Einhäupl K, Stam J, Bousser MG, De Bruijn SF, Ferro JM, Martinelli I, et al. EFNS guideline on the treatment of cerebral venous and sinus thrombosis in adult patients. Eur J Neurol 2010;17:1229-35.  Back to cited text no. 33
Gosk-Bierska I, Wysokinski W, Brown RD Jr, Karnicki K, Grill D, Wiste H, et al. Cerebral venous sinus thrombosis: Incidence of venous thrombosis recurrence and survival. Neurology 2006;67:814-9.  Back to cited text no. 34
Baccarelli A, Martinelli I, Pegoraro V, Melly S, Grillo P, Zanobetti A, et al. Living near major traffic roads and risk of deep vein thrombosis. Circulation 2009;119:3118-24.  Back to cited text no. 35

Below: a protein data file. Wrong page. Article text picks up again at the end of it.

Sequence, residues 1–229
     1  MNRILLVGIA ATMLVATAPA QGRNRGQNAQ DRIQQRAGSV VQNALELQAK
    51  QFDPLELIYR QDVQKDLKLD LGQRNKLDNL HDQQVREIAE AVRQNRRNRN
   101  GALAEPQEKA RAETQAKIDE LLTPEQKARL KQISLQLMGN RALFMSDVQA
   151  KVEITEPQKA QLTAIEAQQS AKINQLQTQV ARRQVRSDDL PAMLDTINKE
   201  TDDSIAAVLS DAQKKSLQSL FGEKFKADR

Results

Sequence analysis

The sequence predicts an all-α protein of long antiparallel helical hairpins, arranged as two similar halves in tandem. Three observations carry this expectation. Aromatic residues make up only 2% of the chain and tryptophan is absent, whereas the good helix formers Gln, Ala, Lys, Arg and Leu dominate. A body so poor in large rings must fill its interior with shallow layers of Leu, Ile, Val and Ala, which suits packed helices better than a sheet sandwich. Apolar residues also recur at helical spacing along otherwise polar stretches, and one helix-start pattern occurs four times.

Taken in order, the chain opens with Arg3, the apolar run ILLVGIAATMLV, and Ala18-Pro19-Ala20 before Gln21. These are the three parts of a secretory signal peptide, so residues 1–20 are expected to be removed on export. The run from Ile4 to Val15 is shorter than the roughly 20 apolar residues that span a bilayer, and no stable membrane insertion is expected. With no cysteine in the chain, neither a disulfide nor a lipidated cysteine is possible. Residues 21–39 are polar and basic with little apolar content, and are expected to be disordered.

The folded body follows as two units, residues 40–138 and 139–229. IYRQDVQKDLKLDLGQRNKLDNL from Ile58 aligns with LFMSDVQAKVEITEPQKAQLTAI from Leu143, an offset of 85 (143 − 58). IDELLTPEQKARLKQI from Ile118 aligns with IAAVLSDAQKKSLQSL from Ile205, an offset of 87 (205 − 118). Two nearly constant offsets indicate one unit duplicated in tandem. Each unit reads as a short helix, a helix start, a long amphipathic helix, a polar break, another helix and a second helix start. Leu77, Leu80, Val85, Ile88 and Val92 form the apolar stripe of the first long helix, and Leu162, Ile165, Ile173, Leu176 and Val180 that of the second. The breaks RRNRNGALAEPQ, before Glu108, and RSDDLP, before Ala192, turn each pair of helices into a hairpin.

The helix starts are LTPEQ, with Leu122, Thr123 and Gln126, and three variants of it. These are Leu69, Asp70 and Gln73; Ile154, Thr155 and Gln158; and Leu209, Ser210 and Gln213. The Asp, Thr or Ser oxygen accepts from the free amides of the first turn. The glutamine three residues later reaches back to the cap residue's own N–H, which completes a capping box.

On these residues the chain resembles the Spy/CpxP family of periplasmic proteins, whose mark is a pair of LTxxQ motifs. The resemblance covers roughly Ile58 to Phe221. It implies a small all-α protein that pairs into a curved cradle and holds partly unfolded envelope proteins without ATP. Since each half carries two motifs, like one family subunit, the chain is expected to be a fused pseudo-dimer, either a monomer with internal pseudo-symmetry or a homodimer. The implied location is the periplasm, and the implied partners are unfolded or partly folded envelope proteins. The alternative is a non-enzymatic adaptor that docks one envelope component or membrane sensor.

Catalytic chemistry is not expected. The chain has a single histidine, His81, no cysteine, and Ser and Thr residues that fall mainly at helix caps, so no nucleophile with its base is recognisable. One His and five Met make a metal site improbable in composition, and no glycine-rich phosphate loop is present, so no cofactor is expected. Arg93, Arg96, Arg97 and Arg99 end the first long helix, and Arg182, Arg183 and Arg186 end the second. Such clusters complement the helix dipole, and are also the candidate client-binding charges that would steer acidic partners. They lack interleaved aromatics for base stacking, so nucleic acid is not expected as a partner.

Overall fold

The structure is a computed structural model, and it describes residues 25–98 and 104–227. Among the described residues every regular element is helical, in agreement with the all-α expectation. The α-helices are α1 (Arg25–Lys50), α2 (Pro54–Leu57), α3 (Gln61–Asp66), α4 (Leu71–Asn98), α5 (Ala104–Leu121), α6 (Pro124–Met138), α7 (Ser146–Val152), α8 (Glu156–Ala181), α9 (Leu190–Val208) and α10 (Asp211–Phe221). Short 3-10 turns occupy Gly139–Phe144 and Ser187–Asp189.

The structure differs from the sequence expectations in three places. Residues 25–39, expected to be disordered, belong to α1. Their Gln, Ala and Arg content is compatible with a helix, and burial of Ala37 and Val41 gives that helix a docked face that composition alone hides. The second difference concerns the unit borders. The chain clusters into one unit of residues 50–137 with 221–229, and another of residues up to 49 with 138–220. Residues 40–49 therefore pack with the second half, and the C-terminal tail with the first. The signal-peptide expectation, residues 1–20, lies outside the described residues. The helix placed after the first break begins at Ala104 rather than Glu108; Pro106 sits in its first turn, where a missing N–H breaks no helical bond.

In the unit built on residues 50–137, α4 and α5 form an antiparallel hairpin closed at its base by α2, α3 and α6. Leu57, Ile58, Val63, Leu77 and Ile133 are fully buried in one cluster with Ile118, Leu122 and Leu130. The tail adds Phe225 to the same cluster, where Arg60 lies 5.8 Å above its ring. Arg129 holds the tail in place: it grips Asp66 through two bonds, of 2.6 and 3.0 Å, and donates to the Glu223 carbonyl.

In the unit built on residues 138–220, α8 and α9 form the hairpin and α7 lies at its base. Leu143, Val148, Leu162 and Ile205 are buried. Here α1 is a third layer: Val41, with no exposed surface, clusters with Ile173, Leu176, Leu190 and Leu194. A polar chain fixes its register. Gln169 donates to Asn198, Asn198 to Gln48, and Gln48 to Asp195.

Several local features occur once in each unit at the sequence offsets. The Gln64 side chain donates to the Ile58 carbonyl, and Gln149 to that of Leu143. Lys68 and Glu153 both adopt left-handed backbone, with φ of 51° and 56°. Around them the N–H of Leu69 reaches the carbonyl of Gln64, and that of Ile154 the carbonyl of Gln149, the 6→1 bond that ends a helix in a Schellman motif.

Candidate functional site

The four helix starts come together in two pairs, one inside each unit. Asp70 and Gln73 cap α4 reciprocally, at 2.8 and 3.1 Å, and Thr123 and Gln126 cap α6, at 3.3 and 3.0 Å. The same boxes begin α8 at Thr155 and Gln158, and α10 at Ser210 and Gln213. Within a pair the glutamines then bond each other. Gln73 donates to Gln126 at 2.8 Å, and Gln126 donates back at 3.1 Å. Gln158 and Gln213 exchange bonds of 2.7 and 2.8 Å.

Chuang KJ, Yan YH, Cheng TJ. Effect of air pollution on blood pressure, blood lipids, and blood sugar: A population-based approach. J Occup Environ Med 2010;52:258-62.  Back to cited text no. 36
Tomao E, Tiziana PB, Rosati V, Marcellini L, Tomei F. The effects of air pollution on the lipid balance of traffic police personnel. Ann Saudi Med 2002;22:287-90.  Back to cited text no. 37
Pabinger I, Grafenhofer H, Kyrle PA, Quehenberger P, Mannhalter C, Lechner K, et al. Temporary increase in the risk for recurrence during pregnancy in women with a history of venous thromboembolism. Blood 2002;100:1060-2.  Back to cited text no. 38
Saadatnia M, Naghavi N, Fatehi F, Zare M, Tajmirriahi M. Oral contraceptive misuse as a risk factor for cerebral venous and sinus thrombosis. J Res Med Sci 2012;17:344-7.  Back to cited text no. 39
[PUBMED]  Medknow Journal  


  [Figure 1]